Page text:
The forthcoming stamps feature photographs by Dan Bradica and Laurence Cuneo, with the selvage image taken by Nat Farbman for a 1954-issue of Life. To see more of Asawa’s wire works before you pick up the postal packet, check out the Instagram account that her estate manages. (via Artsy)
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If you’re on the internet these days—since you’re reading this, we’ll guess you are—you’ve seen countless lists outlining shows to watch, books to read, and craft projects to undertake to distract yourself for an hour. You probably saw our Skillshare picks, too.
Today, we’re inspired by Jackie Buddie over at Etsy to gather activities that require no internet connection because we know how it goes: you mean to listen to that audiobook you just downloaded, but all of a sudden, you’re back on Twitter devouring bad news and realizing that you need to plant a victory garden. In an effort to distract your hands and your mind, we’ve rounded up some of our favorite games, puzzles, and kits currently available on Etsy. Another perk? You’ll support artists with your purchases, too.
Part toy and part wildlife painting, these brightly colored puzzles from Saint-Paul based artist Megan Bakke are appropriate for small children and beautiful enough to be displayed once complete. Each set is divided into large chunks that form delicately feathered flamingos and emus and detailed portraits of gorillas and llamas.
We’re loving these modern dominoes and geometric puzzle pieces from Montreal-based Jonathan Dorthe. Using a series of lined shapes, the wooden puzzle doesn’t have a strict formation and can be arranged to create a rectangle, a house, or any of the other 36 combinations. On the dominoes, each concentric hexagon represents a dot. Finally learn the rules to the game or simply line them up and watch them tumble one-by-one.
Illustrated by Barbara Dziadosz, these colorful playing cards feature kings, queens, and jacks decked out in modern garb. A heads up if you’re in the U.S., though: the Germany-based artist says your shipment might be delayed due to the ongoing pandemic.
For those looking for a solitary activity, Dziadosz also creates these woodblock stamps designed to shape robots and other geometric creatures, depending on their combination.
An actual trip to the lake or woods—not to mention outer space—might not be feasible right now, but these model kits by the Portland-based shop Houha Designs provide a small escape. All you need is glue (the shop recommends Elmer’s) to fix each laser-cut piece to the next to create a fishing boat, fire tower lookout, or circular spaceship.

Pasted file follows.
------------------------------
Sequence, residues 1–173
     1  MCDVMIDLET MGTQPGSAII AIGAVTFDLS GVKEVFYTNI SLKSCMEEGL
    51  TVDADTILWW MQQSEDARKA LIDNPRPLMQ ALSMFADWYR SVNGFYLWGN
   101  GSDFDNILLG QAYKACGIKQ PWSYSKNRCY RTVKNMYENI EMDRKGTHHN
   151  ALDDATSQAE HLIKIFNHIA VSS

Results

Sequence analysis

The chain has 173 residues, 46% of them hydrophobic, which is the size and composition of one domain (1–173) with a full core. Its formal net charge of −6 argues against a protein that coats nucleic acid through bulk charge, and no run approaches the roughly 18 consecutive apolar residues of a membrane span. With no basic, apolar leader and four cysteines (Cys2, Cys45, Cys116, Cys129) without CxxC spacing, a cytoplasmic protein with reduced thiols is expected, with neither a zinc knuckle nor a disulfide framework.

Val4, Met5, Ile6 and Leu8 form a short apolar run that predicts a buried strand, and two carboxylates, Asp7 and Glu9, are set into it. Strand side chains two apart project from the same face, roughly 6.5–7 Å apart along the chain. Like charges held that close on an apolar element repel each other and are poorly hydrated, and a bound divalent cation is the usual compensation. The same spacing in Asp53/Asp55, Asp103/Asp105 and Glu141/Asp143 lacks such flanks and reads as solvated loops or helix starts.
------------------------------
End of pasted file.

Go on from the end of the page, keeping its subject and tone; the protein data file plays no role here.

An impressive upcycle by Calgary-based designer Adrian Martinus, this cribbage board is made from old hardwood and repurposed skateboards. Detailed with chevron and stripes, the classic game comes with nine metal pegs that are stored separately.
Correctly assembling all 500 pieces of this varicolored, impressionist puzzle is sure to be meditative. Titled “Moonlight Over Euclid,” the abstract landscape jigsaw is based on a painting by Milwaukee-based artist Karen Williams-Brusubardis.
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Hopefully, the birds flocking to Bob Verschueren’s wooden housing complex won’t mind if their neighbors stay up late chirping or make too much noise as they head out in the morning to look for worms. Resembling a dense apartment building with shared walls and common perches, Vershueren’s “Implantations” features rows of stacked homes that vary in size for multiple birds to live in simultaneously. They’re a stark contrast to traditional single-family birdhouses.
The Brussels-based artist erected the tree-like pillar—which also bears a likeness to the Tower of Babel—in the Jardin de l’Europe as part of Annecy Paysages 2017, an annual festival that embeds art throughout the French city. After its debut, the work was installed permanently.
For more of Verschueren’s work, check out the book he released in 2013. You also can find future installation plans that merge art, nature, and landscapes on Annecy Paysages’s Instagram. (via Jeroen Apers)
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One-hundred five fiberglass figures stand atop white chairs in rows that extend from the floor to the ten-meter high ceiling. Part of an exhibition titled Ataraxia, the LED-lit installation invokes the ideas behind the Greek word, which roughly translates to imperturbability, equanimity, and tranquility. The glowing project by Argentinian artist Eugenio Cuttica was on view in 2018 at the MAR Museum in Buenos Aires and explored the ways subjects can achieve balance and happiness through freedom from desire.
Ataraxia, the artist said in a statement, “points to a calm beauty, a calm but agitating act, moves the spirit and can even cause fear. It is an art that refers to the observer’s consciousness in its own insignificance and in unity with nature.” In addition to the expansive wave, the exhibition also featured a series of wooden boats and paintings meant to reflect on fertility, abundance, the sublime qualities of Argentinian landscapes, and the ways art and food intersect. The same feminine form is interspersed throughout and can be seen standing in one of the suspended vessels.
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Editor's Picks: Drawing
Highlights below. For the full collection click here.